However, the rapid expansion of public internet also poses potential risks to users’ privacy and safety, particularly for vulnerable groups such as children. Requirements for content filtering at libraries vary across Canada and are sometimes regulated by the province or library board. Although library computers for children have some content restrictions, many libraries do not provide content filtering on most of their public computers to protect intellectual freedom, Ryan said.

The Toronto Public Library protects its users’ privacy by providing access to the Tor Browser, a free software that enables anonymous web surfing without revealing a user’s location or internet usage. Libraries across Canada have also developed digital privacy and security programs in partnership with community organizations to raise awareness and educate users on the risks of using public internet. As a signatory on the declaration of the Cities Coalition for Digital Rights, the Toronto Public Library is taking seriously its commitment to uphold data protection and security measures, Ryan said.

The role of municipal internet: The City of Toronto’s broadband plan

After the pandemic exposed the degree and impact of gaps in digital access, the City of Toronto committed to build a public digital infrastructure plan on principles of equity and inclusion, said Alice Xu, manager of the Connected Community and Smart City Program at the City of Toronto’s Technology Services Division. The ConnectTO program plans to leverage municipal resources to expand affordable, high-speed internet to underserved Torontonians, in part guided by the mapping work conducted by the Ryerson Leadership Lab and the Brookfield Institute for Innovation + Entrepreneurship. As part of the program, the city will create a municipally owned broadband network using the city’s fibre assets, buildings, lights, sidewalks and boulevards to connect underserved areas. In partnership with private-sector service providers, the city will offer connectivity plans at a fair price to generate revenue that will be re-invested into expanding digital access and low-cost service to vulnerable groups.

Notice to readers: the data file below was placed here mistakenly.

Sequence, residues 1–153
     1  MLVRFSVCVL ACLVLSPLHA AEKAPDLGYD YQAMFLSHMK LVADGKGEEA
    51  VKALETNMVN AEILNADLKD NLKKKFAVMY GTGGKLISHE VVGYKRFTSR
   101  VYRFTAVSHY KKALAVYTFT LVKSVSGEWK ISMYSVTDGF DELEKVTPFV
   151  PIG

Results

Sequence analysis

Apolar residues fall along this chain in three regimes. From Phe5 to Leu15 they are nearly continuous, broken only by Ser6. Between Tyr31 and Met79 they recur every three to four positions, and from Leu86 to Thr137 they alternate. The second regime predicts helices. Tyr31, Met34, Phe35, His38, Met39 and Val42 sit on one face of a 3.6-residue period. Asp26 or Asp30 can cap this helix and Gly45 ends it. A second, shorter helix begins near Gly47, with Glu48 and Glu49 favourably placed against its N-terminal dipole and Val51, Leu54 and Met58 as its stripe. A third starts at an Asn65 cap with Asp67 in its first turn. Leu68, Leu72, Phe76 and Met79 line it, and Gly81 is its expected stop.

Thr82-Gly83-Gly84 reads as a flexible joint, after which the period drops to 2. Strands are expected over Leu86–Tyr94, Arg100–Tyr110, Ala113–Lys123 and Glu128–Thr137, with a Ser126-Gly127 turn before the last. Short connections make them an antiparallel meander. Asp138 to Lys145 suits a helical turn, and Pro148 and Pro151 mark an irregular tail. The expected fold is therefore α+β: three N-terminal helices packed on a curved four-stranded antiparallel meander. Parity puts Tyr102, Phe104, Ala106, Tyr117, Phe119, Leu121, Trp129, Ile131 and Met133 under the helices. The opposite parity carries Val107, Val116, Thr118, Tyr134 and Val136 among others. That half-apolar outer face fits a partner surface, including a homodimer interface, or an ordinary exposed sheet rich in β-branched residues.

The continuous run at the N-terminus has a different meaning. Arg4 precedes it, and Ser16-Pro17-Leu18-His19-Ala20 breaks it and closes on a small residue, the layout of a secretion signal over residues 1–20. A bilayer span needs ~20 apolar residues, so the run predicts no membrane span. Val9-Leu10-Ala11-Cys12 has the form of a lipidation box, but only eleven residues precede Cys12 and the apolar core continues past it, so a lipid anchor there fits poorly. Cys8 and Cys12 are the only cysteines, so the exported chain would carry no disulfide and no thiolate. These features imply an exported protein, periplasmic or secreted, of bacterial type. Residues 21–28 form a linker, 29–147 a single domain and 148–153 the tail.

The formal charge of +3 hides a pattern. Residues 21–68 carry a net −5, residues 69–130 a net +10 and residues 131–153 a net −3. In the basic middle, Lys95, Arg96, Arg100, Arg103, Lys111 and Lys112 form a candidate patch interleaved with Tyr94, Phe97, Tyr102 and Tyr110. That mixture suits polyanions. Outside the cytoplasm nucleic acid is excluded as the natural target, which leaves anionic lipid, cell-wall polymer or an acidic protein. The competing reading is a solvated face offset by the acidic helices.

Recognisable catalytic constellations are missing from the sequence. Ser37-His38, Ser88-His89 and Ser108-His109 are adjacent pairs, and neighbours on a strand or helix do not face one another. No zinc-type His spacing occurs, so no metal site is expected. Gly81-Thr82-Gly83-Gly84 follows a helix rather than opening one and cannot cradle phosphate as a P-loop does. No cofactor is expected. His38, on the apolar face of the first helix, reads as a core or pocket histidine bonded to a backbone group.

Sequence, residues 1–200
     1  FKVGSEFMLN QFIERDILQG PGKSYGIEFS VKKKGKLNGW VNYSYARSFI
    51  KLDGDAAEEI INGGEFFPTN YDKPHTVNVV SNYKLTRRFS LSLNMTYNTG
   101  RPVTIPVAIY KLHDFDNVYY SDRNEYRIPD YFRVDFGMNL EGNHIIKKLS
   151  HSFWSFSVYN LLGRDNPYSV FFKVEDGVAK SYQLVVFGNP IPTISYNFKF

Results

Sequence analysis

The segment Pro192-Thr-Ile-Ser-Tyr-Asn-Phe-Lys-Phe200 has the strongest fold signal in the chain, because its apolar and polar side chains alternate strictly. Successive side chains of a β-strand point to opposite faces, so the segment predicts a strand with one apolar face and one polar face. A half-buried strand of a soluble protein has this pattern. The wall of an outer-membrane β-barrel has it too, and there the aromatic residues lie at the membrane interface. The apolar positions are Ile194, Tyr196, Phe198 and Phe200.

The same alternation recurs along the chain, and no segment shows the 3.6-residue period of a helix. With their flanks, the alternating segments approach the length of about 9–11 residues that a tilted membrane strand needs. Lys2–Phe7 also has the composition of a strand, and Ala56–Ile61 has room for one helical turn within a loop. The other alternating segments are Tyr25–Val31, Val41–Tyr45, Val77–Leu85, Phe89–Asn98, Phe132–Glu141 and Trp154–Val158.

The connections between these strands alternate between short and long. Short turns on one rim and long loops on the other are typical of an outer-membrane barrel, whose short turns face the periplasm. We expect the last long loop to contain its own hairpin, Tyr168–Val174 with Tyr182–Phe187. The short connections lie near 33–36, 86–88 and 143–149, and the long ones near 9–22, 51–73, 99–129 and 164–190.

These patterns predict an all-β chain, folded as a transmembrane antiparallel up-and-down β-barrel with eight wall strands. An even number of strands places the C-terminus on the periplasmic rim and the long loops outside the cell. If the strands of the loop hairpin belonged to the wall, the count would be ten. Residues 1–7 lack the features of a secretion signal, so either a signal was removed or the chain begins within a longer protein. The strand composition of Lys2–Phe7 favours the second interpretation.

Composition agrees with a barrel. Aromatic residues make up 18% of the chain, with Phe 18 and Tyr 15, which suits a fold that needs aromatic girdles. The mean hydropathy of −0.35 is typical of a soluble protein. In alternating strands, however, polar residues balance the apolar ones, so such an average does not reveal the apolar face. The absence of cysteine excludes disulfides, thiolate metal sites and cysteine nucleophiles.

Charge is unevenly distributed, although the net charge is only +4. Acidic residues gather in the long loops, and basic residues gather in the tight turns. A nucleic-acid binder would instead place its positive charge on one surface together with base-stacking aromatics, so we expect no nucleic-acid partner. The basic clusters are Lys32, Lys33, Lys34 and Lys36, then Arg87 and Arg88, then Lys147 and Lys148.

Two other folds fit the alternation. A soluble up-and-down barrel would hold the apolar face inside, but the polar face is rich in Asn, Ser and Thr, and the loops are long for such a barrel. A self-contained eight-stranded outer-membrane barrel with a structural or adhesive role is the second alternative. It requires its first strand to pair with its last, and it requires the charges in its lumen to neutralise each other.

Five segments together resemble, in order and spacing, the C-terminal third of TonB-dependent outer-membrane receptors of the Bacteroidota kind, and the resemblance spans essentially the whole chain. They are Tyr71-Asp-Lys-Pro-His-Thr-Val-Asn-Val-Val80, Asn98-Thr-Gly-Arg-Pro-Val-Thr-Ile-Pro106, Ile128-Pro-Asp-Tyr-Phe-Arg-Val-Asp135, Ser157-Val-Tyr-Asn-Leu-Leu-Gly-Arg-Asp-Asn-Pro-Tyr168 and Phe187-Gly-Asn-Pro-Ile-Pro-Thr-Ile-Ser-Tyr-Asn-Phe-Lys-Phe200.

The ConnectTO program is based on three main pillars, Xu said:

  1. Positioning connectivity as an integrated priority in all the city’s physical and digital planning. For example, city planners should embed low-cost connectivity plans and Wi-Fi access in the design and planning phases of affordable housing projects.
  2. Creating social policies that address Toronto’s digital divide challenges by relying on evidence-informed consultations with researchers, community representatives, data scientists and peer countries.
  3. Investing in the physical infrastructure needed to provide affordable high-speed internet across Toronto by building a fibre backbone. In collaboration with organizations such as the Toronto Public Library and Toronto Transit Commission, the city will build its own digital infrastructure assets to control where connectivity flows and identify private-sector partners that are best fit to realize the city’s vision of equitable and affordable digital access.

The negative impact of library shutdowns on those without home internet revealed just how critical public internet access is for many Canadians. Enhancing our public internet infrastructure will require investing in digital library services, expanding the number of devices available to library users (such as computers, touchscreens and printers), enhancing digital literacy programs, and leveraging public assets to build connectivity infrastructure that can provide affordable internet for Canadians at all income levels. As more government services, work opportunities and educational programs continue to offer virtual options post-pandemic, many Canadians will continue to rely on public internet as a gateway to our increasingly digitized world.